As soon as the Second Inaugural of Barack Obama was finished, the newly re-elected President walked back into the U.S. Capitol and sat down behind an ornate, oak (at least it looked like oak) desk to sign some papers. It was mostly a photo-op, but there was some rather substantive legislative business to attend to, namely, the nominations to four cabinet posts, which the President had to officially sign his name to.
To his right, he was flanked by Harry Reid and Chuck Schumer. And to his left, Nancy Pelosi and a stiff, awkwardly smiling John Boehner.
The cameras flashed, the papers were signed, and the president rose to embrace his fellow leaders in government. It was a message to the country, “Everything is just fine. Look, we’re all cooperating and governing together. See?”
But, Eric Cantor was also in attendance.
And one of the most important things we’ve learned over the last four years watching Eric Cantor lead the insurgent Republican Party is that things aren’t just fine.
Four years ago Inaugural Day, as the new president, Barack Obama, was making the rounds of the inaugural balls, Eric Cantor had gathered powerful members of the Republican Party at an upscale steakhouse in Washington, DC’s Penn Quarter, a private room in a restaurant called the Caucus Room. Their agenda was straightforward. Sabotage the American economy, blame it on the young President, and then retake the White House in four years.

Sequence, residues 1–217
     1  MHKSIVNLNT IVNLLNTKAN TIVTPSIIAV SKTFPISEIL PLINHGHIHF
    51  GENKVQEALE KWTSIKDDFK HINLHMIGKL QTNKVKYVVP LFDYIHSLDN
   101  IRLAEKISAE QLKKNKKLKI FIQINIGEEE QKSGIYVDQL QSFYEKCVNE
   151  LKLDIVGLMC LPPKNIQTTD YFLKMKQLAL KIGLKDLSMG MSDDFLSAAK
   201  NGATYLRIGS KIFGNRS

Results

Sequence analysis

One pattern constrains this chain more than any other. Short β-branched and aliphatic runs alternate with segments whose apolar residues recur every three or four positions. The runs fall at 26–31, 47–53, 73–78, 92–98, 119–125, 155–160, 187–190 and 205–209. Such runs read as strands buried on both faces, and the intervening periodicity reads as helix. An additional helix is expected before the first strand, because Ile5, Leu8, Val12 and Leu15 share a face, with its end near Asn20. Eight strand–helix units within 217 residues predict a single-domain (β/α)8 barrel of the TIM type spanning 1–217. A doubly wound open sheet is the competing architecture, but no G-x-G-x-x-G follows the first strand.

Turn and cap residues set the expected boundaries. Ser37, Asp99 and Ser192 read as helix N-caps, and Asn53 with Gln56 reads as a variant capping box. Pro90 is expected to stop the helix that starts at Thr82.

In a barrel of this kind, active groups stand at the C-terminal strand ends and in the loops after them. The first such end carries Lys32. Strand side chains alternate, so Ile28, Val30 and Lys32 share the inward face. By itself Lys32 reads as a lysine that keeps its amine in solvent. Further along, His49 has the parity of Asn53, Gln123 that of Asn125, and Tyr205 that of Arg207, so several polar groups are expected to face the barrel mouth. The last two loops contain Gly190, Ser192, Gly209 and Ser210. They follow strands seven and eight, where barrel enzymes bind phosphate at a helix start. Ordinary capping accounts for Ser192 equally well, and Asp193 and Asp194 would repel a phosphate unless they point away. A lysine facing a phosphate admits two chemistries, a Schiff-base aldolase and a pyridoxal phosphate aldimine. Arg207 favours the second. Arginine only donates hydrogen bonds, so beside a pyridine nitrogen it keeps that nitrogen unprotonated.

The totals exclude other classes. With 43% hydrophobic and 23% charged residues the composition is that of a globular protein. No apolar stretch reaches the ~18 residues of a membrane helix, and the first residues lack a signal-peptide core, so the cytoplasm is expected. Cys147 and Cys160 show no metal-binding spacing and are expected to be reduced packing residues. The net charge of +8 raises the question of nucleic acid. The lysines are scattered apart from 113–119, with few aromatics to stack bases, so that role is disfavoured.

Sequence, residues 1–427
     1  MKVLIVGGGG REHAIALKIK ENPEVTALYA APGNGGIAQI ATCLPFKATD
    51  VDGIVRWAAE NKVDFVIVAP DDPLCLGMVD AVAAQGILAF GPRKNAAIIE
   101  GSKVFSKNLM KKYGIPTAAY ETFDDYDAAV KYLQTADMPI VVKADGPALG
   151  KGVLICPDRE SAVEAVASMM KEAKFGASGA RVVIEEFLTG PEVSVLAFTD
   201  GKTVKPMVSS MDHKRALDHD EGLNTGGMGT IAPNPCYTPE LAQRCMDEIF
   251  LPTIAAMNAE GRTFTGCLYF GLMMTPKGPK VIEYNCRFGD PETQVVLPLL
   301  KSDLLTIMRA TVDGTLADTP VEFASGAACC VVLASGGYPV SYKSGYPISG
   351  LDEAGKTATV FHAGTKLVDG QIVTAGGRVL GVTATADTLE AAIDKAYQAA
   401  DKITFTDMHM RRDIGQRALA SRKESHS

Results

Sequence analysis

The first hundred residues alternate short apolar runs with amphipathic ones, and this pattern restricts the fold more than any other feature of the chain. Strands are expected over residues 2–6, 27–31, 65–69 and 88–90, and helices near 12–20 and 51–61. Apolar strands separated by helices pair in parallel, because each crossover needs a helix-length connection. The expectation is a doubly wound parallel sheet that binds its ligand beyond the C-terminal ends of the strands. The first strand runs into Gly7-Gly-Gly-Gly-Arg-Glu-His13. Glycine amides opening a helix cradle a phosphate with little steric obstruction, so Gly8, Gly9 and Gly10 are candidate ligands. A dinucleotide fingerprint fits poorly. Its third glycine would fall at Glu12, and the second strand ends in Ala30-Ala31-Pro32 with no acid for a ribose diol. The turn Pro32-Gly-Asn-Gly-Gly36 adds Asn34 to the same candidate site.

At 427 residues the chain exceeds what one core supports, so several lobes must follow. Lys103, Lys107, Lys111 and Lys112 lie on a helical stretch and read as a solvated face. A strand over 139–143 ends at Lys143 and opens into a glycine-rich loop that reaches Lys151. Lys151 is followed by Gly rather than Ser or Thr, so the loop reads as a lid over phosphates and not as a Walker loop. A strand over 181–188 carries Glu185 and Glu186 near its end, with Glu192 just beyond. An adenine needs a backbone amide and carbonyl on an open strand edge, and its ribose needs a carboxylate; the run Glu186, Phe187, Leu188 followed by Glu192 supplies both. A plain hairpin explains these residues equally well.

Paul Ryan, who, four years later, would be chosen to replace the Vice President and, thus, fulfill this agenda, was also in attendance that night. As was Newt Gingrich. And over a dozen prominent Republicans including Kevin McCarthy, Jim DeMint, and John Kyl.
As Robert Draper discloses in his book, “Do Not Ask What Good We Do: Inside the U.S. House of Representatives,” Republicans at that meeting committed themselves to what some would call political treason: an unwavering opposition to the coming Obama Presidency. Every single legislative priority coming out of the White House would be vetoed, obstructed, filibustered, or sabotaged.
This also meant a forcing the American middle class into a suicide pact. Our economy was hemorrhaging 750,000 jobs a month, and was in desperate need of prolonged government intervention and stimulus. By vowing to block these federal lifelines, Republicans knew they were condemning millions of Americans to joblessness, poverty, homelessness, and suicide.
But, the prospect of stopping the “Obama Revolution” in its tracks and reclaiming government on behalf of Reagan’s Billionaire Class was worth whatever means were needed to achieve it.
Congressman Kevin McCarthy reportedly told fellow Republicans at the meeting that they must, “Show united unyielding opposition to the president’s economic policies.” Pete Session said that Republicans should take on an “insurgency mindset.” On The Thom Hartmann program, Newt Gingrich confirmed he was at the meeting and justified this insurgent mentality.